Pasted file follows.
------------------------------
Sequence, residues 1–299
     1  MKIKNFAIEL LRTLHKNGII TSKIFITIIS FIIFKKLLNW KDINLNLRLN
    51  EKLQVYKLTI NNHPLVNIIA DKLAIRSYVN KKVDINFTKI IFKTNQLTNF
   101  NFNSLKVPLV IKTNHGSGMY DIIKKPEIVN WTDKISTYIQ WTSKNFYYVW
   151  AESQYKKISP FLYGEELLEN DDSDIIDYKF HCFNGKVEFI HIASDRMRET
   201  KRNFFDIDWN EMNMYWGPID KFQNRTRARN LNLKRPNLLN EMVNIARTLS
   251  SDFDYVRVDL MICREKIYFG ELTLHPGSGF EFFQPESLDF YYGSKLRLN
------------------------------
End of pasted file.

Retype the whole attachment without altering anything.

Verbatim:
Sequence, residues 1–299
     1  MKIKNFAIEL LRTLHKNGII TSKIFITIIS FIIFKKLLNW KDINLNLRLN
    51  EKLQVYKLTI NNHPLVNIIA DKLAIRSYVN KKVDINFTKI IFKTNQLTNF
   101  NFNSLKVPLV IKTNHGSGMY DIIKKPEIVN WTDKISTYIQ WTSKNFYYVW
   151  AESQYKKISP FLYGEELLEN DDSDIIDYKF HCFNGKVEFI HIASDRMRET
   201  KRNFFDIDWN EMNMYWGPID KFQNRTRARN LNLKRPNLLN EMVNIARTLS
   251  SDFDYVRVDL MICREKIYFG ELTLHPGSGF EFFQPESLDF YYGSKLRLN